OVERVIEW OF PURPOSE, STAFFING, AND AIMS The overall purpose of the Yale ACE Assessment Core (AC) is to ensure that all projects have access to well-characterized patients, family members and control populations, from both a behavioral/phenotypic standpoint and from a medical/pediatric and genetics standpoint. By centralizing assessment procedures and ensuring consistency across projects, the efforts of this core also significantly contribute to the coherence of the Yale ACE and the mutually enriching synergy of the five component areas. In contrast to the assessment cores in the Yale CPEA and STAART, we address more extensively two critical issues inherent in complex research projects: (1) logistical and operational aspects of program implementation and (2) organizational, conceptual, and data management synergy within this program and collaboration with other scientific efforts within the Child Study Center and with those under the auspices of NIH networks of autism research. Our goal is to maximize scientific yield while responding to the critical need for centralized data bases through the National Database for Autism Research. The AC will be directed by Dr. Ami Klin, an experienced clinical researcher with expertise in behavioral characterization of individuals with autism spectrum disorders. The Core will be co-directed by Dr. Matthew State, a child psychiatrist and geneticist whose research focuses on gene discovery in developmental neuropsychiatric disorders. He will take responsibility for genetics lab work conducted within the scope of this. Dr. State is a longstanding collaborator of Drs. Klin, Volkmar, and Schultz. Other leading clinicians are Drs. Kasia Chawarska, Rhea Paul, and Celine Saulnier. Dr. Chawarska is an infancy specialist and seasoned clinical researcher who leads our clinics for infants and toddlers. Prior to completing her PhD, Dr. Chawarska had assessed many hundreds of infants in various research contexts (e.g., working with Dr. Linda Mayes at the Yale Child Study Center, Child Development Unit). For the past 6 years, Dr. Chawarska has led the evaluation of several hundred infants and toddlers with autism spectrum disorders (ASD) and other developmental disabilities. Dr. Rhea Paul is one of the leading speech-language pathologists in the country and a professor of Communication Disorders. Her experience in the field dates back to her work with Drs. Donald Cohen and Fred Volkmar in the early 1980's. She is the author of the main textbook in communication disorders and a contributor to the American Speech-Language-Hearing Association documents on best practice parameters in communication assessment of children with ASD. Dr. Saulnier is a neuropsychologist trained with Dr. Deborah Fein who was recruited through a NAAR mentorshipbased award (Dr. Klin, PI). She is now a leading clinician in our team and is a collaborator in research (e.g., Klin et al., In press;Saulnier &Klin, In press). All leading personnel in the AC work daily together in both clinical and research activities. The Core begins with several advantages: (1) the infrastructure for the AC, including clinical expertise, procedures, and management, has already been tested and proven in several past and ongoing program projects. Examples are: the Assessment Core for an NICHD-funded program project that ended in 2006 (Dr. Klin worked closely with Dr. Sara Sparrow, Core Director, for close to 15 years and, upon her retirement, replaced her as the Yale Child Study Center Chief of Psychology in 2002);the Assessment Core of the NICHD-funded program project that followed it (PO1 HD003008 38;Dr. Klin is Core Director, Dr. State is Core Co-Director);the Assessment Core of the NICHD-funded Collaborative Projects of Excellence in Autism (CPEA) (Dr. Klin was Co-Director of the Core, working closely with Dr. Catherine Lord, Core Director);and the Assessment Core of the NIMH-funded Yale STAART (Dr. Klin is Core Director, working closely with Drs. Paul and Chawarska, Core Associate Directors);(2) Dr. Klin, as reflected in longstanding collaborations with Drs. Volkmar, Sparrow, and Lord, has a longstanding interest in diagnostic issues, instrumentation and procedures, including development of new methods, training and education, and clinical assessment;(3) Drs. Klin, Paul, and Chawarska share a longstanding interest in assessment of infants and toddlers, have published novel research and didactic chapters pertaining to behavioral and experimental characterization of infants and toddlers with autism, and have evaluated several hundred children in this age bracket);and (4) The proposed functional expansion and refinement of the AC related to our information technology infrastructure has already been implemented in the context of one complex research program (a multivisit prospective study of siblings of children with autism from birth in PO1 HD003008 38). We prioritized that study because of its demanding and complex logistical challenges (primarily because of the multiple-visit nature of subject and family longitudinal participation in research and the need to minimize attrition and the loss of data points). Given that 4 of the 5 projects in this application involve infants in the second year of life, the similarities in measures and data formatting will allow for a quick expansion of the IT system to encompass most of the Yale ACE. The remaining project (Project IV) will follow. Its implementation will be relatively straightforward since subjects are already in the system (this is a cohort that has been followed-up since the age of 2 years) and the characterization protocol duplicates diagnostic and developmental measures used in other projects focused on school-aged children. We emphasize that this is not simply a proof of concept. Instead, this is a sophisticated information technology structure developed through the intimate collaboration with Prometheus Research for the past 1 Vz years. These various resources and connections are a reflection of the constant, intensive, and multifaceted web of collaborations bringing together the various leading investigators in the Yale ACE.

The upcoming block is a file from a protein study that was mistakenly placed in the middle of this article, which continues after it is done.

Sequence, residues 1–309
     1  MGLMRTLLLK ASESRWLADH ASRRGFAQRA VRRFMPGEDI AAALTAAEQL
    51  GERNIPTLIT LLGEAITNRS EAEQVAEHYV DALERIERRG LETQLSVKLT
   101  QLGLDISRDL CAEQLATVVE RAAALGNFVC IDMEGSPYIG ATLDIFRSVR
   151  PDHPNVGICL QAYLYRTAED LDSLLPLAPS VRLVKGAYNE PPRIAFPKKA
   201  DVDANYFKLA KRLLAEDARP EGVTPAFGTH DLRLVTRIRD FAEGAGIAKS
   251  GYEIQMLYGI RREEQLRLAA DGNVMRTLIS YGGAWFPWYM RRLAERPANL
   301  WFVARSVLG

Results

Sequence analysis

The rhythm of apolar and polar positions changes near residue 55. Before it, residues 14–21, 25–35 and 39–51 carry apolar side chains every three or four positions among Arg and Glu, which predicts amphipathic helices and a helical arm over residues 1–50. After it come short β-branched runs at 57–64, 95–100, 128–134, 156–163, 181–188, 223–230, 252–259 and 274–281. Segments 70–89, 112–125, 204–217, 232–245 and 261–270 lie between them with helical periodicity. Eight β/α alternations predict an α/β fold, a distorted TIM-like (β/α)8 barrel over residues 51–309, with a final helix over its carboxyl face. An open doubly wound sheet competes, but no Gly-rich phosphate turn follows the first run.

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Wang, Quan; Campbell, Daniel J; Macari, Suzanne L et al. (2018) Operationalizing atypical gaze in toddlers with autism spectrum disorders: a cohesion-based approach. Mol Autism 9:25
Macari, Suzanne L; Koller, Judah; Campbell, Daniel J et al. (2017) Temperamental markers in toddlers with autism spectrum disorder. J Child Psychol Psychiatry 58:819-828
Moriuchi, Jennifer M; Klin, Ami; Jones, Warren (2017) Mechanisms of Diminished Attention to Eyes in Autism. Am J Psychiatry 174:26-35
Prince, Emily Barbara; Kim, Elizabeth S; Wall, Carla Anne et al. (2017) The relationship between autism symptoms and arousal level in toddlers with autism spectrum disorder, as measured by electrodermal activity. Autism 21:504-508
Szatmari, Peter; Chawarska, Katarzyna; Dawson, Geraldine et al. (2016) Prospective Longitudinal Studies of Infant Siblings of Children With Autism: Lessons Learned and Future Directions. J Am Acad Child Adolesc Psychiatry 55:179-87
Shic, Frederick (2016) Eye Tracking as a Behavioral Biomarker for Psychiatric Conditions: The Road Ahead. J Am Acad Child Adolesc Psychiatry 55:267-8
Chawarska, Katarzyna; Ye, Saier; Shic, Frederick et al. (2016) Multilevel Differences in Spontaneous Social Attention in Toddlers With Autism Spectrum Disorder. Child Dev 87:543-57
Chawarska, Katarzyna; Chang, Joseph; Campbell, Daniel (2015) In Reply. J Am Acad Child Adolesc Psychiatry 54:958-9
Klintwall, Lars; Macari, Suzanne; Eikeseth, Svein et al. (2015) Interest level in 2-year-olds with autism spectrum disorder predicts rate of verbal, nonverbal, and adaptive skill acquisition. Autism 19:925-33
Paul, Rhea; Loomis, Rebecca; Chawarska, Katarzyna (2014) Adaptive behavior in toddlers under two with autism spectrum disorders. J Autism Dev Disord 44:264-70